The standard rule of thumb when pruning deciduous shrubs is to prune those which bloom before July immediately after they’ve finished blooming. This gives them nearly an entire year to develop new bud-bearing branches. Prune those which bloom after July in the winter or early spring. Prune selectively. Remove any branches which grow inward toward the trunk or crisscrossing each other. Thinning out old branches and cutting back those that have become long and leggy will renew the shrub. By removing about one-third of the shrub’s old growth will result in a huge flush of healthy new growth.
Remember the goal is to have an herb garden that is functional and pleasing to the sight and smell. Choose your herbs carefully; being sure to include the ones you’ll use most.
Start small if this is your first garden, be sensible and don’t get overwhelmed. It is better to have a beautiful maintained garden that you can take care of than a big weed patch that is so overwhelming that you dread going in your garden. You can get an amazing amount of great food out of a small garden.
Plant perennials and annuals together in the same garden. Perennials are those flowers which bloom and grow larger year after year. After growing during the spring and summer, they die back to the ground each winter only to reemerge the following spring. Annuals grow and bloom for only one season. Perennials generally are classified as early, mid or late season bloomers. Iris, for example, blooms in the spring. Once its finished blooming it provides lush green foliage. Annuals bloom all season long; from spring until the first frost. Planting a variety of perennials and annuals ensures a colorful garden all season.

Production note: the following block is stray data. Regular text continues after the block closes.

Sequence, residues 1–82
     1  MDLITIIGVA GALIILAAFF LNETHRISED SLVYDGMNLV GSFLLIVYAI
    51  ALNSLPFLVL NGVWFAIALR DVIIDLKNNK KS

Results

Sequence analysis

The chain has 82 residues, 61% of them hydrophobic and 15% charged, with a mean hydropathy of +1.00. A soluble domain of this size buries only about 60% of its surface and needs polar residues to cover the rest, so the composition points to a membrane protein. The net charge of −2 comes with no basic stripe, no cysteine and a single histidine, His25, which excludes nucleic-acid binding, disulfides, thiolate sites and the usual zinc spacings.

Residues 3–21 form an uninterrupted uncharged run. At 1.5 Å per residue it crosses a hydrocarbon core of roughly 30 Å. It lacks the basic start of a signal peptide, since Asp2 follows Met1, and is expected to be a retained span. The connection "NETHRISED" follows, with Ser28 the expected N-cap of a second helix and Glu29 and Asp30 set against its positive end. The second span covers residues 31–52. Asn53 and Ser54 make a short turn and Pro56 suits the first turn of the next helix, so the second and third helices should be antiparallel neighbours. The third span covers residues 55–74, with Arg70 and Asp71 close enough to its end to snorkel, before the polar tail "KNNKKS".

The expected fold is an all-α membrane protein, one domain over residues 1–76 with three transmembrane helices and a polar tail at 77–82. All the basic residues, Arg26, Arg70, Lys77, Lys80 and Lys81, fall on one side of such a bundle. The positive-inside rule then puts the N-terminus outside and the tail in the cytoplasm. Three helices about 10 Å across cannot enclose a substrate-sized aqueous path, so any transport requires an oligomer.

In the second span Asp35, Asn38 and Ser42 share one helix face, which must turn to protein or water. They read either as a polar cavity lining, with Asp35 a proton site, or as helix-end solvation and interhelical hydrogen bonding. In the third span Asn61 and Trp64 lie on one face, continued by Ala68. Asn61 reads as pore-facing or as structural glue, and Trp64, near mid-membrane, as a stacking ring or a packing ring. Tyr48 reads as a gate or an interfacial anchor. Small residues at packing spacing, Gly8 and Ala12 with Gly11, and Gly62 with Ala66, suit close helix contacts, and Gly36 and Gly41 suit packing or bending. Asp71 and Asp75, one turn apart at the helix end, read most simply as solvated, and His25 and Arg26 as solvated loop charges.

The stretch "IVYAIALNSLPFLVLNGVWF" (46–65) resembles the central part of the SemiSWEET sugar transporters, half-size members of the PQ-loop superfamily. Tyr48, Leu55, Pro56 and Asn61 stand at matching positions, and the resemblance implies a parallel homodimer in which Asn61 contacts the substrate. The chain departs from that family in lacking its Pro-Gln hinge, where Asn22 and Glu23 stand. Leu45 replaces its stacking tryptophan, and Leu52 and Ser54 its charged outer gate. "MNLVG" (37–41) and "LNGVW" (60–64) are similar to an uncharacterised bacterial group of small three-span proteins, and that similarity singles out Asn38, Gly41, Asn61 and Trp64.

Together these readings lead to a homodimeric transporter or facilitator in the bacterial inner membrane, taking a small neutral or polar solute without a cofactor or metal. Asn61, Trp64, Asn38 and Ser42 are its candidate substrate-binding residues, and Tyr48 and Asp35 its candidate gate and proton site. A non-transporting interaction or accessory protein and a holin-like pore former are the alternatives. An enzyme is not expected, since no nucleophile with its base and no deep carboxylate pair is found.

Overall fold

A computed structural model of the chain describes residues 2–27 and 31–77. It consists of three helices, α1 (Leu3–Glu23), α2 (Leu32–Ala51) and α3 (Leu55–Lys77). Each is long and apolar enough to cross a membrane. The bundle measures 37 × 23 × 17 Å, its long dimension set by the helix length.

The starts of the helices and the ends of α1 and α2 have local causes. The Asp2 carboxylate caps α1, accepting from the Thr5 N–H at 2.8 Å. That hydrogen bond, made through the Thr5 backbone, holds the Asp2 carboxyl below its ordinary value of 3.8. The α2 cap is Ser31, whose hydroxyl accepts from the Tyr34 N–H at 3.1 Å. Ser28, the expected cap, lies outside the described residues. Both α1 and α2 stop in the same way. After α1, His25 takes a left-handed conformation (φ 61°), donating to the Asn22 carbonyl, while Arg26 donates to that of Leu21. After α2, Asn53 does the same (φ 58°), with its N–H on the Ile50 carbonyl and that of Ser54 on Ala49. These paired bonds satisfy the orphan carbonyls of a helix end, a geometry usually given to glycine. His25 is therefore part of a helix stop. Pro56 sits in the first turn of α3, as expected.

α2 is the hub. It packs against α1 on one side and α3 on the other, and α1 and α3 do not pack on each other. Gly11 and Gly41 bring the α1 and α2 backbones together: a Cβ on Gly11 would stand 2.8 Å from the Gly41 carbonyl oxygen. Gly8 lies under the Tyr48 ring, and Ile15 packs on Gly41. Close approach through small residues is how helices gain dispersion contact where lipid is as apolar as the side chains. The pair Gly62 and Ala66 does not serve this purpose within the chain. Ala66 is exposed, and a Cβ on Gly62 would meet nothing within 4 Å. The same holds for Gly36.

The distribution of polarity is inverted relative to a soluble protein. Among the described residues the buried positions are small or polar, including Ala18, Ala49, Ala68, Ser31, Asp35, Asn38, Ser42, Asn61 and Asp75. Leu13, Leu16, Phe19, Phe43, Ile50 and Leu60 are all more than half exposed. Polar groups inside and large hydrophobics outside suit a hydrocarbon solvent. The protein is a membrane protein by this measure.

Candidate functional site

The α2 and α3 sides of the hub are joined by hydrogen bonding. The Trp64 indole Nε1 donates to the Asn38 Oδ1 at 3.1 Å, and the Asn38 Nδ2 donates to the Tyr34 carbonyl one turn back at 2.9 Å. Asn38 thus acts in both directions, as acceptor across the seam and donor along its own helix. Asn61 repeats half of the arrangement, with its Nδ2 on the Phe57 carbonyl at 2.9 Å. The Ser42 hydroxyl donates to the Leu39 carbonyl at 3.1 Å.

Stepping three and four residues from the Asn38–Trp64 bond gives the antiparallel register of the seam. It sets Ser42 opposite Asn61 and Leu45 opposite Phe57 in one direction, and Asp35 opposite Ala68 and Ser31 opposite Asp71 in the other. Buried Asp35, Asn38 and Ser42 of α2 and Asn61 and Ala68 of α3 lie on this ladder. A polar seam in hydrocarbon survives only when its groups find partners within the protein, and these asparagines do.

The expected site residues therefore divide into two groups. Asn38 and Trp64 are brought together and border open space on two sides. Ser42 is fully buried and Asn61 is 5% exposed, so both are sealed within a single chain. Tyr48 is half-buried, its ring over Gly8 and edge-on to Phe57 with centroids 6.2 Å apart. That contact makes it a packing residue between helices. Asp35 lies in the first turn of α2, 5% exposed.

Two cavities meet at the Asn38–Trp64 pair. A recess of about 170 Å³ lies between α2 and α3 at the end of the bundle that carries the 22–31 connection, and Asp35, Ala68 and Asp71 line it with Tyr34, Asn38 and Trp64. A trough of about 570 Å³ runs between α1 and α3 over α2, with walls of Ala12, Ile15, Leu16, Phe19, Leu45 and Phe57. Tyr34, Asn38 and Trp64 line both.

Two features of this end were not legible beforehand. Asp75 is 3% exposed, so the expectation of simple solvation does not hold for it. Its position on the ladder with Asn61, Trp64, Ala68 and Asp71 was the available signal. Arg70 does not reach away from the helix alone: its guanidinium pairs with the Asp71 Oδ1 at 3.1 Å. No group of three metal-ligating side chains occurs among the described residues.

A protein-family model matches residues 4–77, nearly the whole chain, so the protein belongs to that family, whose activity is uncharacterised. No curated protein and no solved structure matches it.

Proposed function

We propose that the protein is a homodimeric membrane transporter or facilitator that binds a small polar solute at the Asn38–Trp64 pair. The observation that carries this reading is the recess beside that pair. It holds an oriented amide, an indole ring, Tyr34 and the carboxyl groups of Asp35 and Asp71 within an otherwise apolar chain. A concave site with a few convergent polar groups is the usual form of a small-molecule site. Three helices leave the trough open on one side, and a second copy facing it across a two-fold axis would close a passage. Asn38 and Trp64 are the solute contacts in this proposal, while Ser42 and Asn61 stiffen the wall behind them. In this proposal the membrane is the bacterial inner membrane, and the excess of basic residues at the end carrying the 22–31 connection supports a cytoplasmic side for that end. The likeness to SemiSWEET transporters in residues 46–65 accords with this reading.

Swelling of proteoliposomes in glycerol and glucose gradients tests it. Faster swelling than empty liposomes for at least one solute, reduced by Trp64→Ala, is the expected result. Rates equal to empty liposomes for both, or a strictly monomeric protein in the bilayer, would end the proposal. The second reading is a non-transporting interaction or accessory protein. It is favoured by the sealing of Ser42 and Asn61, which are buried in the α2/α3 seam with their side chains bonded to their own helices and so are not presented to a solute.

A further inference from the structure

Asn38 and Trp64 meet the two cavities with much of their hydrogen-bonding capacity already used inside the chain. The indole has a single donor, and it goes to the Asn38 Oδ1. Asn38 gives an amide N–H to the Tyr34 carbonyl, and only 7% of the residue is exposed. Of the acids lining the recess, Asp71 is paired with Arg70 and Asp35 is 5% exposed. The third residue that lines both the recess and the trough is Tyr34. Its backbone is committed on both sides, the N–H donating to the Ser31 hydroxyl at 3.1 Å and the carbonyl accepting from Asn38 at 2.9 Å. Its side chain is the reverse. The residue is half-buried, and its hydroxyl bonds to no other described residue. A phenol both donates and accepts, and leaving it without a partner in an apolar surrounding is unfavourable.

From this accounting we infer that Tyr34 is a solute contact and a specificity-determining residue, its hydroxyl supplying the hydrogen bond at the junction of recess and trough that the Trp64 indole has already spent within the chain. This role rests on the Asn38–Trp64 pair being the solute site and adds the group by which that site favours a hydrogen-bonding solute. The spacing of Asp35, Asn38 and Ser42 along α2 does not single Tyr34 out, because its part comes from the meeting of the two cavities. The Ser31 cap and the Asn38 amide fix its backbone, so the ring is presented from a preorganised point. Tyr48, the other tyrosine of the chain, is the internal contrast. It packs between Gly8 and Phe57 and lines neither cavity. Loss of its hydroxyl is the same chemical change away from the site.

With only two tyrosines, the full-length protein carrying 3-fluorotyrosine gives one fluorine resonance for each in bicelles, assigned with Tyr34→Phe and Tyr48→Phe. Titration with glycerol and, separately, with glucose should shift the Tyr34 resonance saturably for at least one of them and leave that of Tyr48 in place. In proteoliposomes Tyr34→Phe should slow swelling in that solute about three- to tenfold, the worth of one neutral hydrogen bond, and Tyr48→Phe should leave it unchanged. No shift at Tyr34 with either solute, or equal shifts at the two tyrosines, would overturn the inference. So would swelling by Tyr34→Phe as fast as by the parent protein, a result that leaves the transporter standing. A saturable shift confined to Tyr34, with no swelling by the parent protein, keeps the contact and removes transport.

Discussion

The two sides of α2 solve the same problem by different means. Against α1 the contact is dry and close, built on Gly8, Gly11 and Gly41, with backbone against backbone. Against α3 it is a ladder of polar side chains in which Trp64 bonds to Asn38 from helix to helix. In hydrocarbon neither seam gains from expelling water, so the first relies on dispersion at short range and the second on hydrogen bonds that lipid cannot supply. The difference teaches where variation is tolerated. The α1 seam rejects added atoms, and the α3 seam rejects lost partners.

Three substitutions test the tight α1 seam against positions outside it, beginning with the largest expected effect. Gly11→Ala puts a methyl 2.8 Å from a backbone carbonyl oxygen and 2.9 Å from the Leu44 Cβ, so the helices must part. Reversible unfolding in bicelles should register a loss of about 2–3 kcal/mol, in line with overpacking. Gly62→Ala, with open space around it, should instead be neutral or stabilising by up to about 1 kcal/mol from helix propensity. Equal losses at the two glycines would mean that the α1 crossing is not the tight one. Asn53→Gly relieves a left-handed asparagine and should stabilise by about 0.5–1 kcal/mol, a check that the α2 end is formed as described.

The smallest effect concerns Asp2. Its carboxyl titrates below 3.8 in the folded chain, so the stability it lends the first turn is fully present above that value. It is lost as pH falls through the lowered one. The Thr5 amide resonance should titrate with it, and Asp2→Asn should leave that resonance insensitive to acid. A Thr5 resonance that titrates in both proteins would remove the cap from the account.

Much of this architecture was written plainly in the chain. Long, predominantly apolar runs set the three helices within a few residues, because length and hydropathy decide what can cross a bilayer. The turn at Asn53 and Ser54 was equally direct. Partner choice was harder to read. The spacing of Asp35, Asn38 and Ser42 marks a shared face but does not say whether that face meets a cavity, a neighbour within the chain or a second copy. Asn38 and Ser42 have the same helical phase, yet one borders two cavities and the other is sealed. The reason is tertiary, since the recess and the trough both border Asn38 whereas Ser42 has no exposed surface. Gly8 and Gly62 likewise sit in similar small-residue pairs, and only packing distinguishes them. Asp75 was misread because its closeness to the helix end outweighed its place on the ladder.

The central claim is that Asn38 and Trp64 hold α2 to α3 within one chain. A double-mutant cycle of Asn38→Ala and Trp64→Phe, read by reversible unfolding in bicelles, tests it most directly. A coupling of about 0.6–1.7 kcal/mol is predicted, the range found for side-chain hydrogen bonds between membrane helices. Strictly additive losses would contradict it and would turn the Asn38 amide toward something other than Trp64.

Keep the tomatoes well watered by soaking the soil at least 6 inches down once a week. Composting or mulching also a good idea, especially during the hottest part of the summer.
In addition to size, you will need to see how the colors of your roses affect your garden? Study several catalogs, as well as your neighbors’ gardens, to get an inspiration of the colors you like the most.
Your Garden Planningneeds to take into account how much space you can devote to your new pursuit. It will be easier to plan your vegetable garden if you first make a sketch of your yard, then go and measure it, writing your measurements on your sketch.
You must have a garden bed that receives a minimum of six hours of full sun each day. The more sun, the better your garden will be. Your harvest will be bigger and your vegetables will taste better. A garden that faces south and has good space between the rows (six inches or so) will generally produce a better crop.
The best type of soil is loose, crumbly earth that lets in air and moisture. It is also a wise idea to test the pH factor of your soil. Most county extension services provide soil testing, or you can buy a soil testing kit for an average price of . Depending on the pH factor, you may need to add some ingredients to bring the soil to a pH level of 6.5.